There could scarcely be a better illustration of how counter-productive the US policy of shoring up secular dictators in the region has proved than the Iranian revolution of 1979. Yet there could scarcely be a better illustration of how utterly useless and oppressive theocracy is - were it to collapse internally under the weight of its own corruption. This forms part of the reason why I've always thought, and still think now, that an attempt by the United States to impose regime-change with external force would be such a mistake. It is important to see behind Mahmoud Ahmadinejad's disgraceful comments about the Holocaust and his outrageous but empty threats to "wipe Israel from the map" the attempt by a regime, in the classic authoritarian fashion, to distract from its internal problems. As Kaveh Ehsani put it:
"The domestic balance of power was tipped after the parliamentary elections of 2004 and the presidential election of June 2005, when Iran's military-conservative forces gained ascendancy over all branches of the state for the first time since 1979. But the significance of Mahmoud Ahmadinejad's victory is often missed: he was not elected on a platform favouring an ideological confrontation with the west, but rather on promises to fight corruption and improve the lot of unemployed and impoverished Iranians.One could add that as well as having a regime incapable of delivering change, it has to contend with a population who, having already experienced theocracy, is less likely to frame their dissatisfaction with the status quo religiously than anyone else in the region, with the possible exception of the Kurds.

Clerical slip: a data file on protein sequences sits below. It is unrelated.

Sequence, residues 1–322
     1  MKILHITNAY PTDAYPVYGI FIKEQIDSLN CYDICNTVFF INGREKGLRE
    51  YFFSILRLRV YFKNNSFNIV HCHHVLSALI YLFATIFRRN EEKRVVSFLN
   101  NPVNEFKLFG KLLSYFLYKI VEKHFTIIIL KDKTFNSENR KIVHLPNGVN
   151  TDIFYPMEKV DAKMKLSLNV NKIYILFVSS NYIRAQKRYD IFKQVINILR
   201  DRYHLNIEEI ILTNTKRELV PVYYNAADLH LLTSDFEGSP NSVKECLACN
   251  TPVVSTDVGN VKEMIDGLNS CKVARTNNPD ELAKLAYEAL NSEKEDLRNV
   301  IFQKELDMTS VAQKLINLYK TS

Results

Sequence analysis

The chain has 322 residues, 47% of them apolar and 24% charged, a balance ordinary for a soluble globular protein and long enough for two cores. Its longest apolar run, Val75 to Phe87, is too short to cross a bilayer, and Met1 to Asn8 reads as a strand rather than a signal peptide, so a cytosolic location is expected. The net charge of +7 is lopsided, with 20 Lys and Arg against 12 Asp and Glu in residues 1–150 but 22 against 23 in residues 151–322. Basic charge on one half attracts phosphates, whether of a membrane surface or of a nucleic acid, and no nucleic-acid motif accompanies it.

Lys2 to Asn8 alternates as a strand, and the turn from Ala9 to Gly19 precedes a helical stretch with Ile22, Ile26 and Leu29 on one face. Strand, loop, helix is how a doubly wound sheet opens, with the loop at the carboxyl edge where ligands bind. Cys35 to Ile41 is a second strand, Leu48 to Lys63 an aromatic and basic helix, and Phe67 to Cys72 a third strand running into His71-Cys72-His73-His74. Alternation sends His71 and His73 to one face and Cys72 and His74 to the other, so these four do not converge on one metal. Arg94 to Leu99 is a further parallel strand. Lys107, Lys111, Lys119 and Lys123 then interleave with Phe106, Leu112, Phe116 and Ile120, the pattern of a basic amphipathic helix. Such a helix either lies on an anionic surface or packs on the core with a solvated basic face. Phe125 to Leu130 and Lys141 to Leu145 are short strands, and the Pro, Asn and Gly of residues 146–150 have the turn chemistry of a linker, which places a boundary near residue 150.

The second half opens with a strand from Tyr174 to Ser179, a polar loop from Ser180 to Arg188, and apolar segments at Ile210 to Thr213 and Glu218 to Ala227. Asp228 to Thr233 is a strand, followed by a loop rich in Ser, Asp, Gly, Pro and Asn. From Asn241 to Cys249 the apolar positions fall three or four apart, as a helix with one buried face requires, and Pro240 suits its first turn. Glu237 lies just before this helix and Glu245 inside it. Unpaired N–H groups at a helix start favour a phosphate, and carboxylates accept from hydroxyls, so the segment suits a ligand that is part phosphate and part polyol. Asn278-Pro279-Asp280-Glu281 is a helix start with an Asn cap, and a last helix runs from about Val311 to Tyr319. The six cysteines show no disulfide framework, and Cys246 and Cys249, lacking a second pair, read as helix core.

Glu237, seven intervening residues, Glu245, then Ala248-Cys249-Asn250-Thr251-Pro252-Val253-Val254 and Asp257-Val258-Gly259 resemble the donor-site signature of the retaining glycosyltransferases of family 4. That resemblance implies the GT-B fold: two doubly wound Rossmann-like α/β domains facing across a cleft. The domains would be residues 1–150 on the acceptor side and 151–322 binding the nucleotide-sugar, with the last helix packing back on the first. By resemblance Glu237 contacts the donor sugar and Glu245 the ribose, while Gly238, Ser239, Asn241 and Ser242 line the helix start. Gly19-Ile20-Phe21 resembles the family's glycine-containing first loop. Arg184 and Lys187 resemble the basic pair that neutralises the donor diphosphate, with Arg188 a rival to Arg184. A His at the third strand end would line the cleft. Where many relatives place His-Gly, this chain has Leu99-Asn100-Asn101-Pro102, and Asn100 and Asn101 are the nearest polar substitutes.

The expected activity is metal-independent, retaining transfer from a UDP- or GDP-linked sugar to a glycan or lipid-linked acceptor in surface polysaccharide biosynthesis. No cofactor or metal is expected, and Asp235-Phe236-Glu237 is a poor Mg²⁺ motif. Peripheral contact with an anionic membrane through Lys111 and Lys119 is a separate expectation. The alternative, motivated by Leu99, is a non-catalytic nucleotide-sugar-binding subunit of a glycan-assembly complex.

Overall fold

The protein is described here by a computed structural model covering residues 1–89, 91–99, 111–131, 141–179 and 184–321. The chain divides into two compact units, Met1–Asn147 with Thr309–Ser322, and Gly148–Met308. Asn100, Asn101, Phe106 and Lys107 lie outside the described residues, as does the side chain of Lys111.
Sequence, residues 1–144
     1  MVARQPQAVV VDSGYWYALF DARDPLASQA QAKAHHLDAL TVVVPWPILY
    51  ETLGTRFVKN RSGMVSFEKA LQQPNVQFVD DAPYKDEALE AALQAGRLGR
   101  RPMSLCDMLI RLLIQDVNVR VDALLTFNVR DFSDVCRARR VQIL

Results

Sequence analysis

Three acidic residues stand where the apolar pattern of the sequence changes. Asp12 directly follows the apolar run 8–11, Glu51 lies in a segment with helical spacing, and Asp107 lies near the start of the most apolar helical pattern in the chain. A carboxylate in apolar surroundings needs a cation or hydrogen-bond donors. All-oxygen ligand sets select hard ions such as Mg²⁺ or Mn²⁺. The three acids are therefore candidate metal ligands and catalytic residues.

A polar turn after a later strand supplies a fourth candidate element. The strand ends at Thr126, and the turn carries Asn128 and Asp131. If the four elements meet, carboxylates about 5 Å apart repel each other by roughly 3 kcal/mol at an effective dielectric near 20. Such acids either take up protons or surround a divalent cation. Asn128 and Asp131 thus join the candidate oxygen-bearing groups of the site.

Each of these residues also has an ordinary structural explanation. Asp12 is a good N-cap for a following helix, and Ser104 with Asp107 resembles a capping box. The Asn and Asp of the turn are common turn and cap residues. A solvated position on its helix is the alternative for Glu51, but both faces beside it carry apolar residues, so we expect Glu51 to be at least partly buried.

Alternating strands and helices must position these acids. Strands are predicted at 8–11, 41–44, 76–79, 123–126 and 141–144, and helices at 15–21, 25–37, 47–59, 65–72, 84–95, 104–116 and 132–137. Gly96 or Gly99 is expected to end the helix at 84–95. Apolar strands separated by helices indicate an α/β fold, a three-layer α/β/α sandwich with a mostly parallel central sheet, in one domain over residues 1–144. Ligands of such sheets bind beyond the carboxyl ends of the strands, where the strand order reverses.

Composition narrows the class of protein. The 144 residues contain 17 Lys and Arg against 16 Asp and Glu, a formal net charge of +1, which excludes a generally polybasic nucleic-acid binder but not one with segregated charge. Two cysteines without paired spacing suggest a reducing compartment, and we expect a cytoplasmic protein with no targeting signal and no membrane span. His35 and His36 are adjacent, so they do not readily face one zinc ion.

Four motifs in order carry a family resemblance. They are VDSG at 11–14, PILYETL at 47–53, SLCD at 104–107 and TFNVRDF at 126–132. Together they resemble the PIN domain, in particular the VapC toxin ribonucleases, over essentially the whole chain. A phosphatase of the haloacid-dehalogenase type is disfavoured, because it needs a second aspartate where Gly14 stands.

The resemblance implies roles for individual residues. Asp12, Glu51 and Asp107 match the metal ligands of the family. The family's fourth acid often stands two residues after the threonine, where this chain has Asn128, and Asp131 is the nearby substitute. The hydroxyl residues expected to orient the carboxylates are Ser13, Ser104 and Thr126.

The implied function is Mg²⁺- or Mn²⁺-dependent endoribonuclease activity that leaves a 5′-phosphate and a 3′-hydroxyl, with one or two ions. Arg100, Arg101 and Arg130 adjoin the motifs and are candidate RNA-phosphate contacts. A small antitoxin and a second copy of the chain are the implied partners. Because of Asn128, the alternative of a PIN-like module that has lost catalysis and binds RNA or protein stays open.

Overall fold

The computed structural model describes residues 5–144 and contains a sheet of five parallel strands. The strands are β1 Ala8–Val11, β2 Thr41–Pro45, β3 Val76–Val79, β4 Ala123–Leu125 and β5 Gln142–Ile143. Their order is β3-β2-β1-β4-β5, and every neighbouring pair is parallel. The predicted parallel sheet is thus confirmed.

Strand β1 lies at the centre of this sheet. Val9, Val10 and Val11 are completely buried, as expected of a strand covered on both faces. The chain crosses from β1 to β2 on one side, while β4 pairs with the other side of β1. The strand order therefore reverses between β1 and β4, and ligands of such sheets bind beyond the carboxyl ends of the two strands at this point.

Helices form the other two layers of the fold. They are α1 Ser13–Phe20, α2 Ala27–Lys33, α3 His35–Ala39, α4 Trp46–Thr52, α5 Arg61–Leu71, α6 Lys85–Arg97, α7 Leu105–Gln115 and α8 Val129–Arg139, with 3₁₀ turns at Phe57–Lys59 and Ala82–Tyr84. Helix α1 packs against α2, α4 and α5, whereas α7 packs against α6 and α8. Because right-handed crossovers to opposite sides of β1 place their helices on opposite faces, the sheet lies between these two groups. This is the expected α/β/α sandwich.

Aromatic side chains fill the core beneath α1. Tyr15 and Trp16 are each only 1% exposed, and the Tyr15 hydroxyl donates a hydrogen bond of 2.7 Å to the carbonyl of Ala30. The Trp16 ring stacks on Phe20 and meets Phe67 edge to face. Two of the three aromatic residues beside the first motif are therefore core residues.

It is precisely the structural incapacity of Ahmadinejad's administration to deliver on these promises that explains its demagogic, confrontational tone over the nuclear issue."
This position was formed prior to the present crisis with regards the development of uranium enrichment by the Tehran regime, which leaves the question: can this be sustained? I'd argue it can, or rather it has to be. Washington is giving the impression that patience is inappropriate in the present circumstances but when one considers the alternatives, it is difficult to see how they would achieve their desired outcomes. As Trita Parsi points out, the United States has gone from having what seemed to all intents and purposes no policy on Iran to having two - non-proliferation and regime-change. While both are obviously desirable, he argues that they are contradictory and that in any event, the present strategy is unlikely to achieve either: the policy of regime-change has resulted in a strict non-diplomatic stance in relation to Tehran and this, in turn, has reinforced the regime's desire to obtain nuclear technology as a means of regime preservation.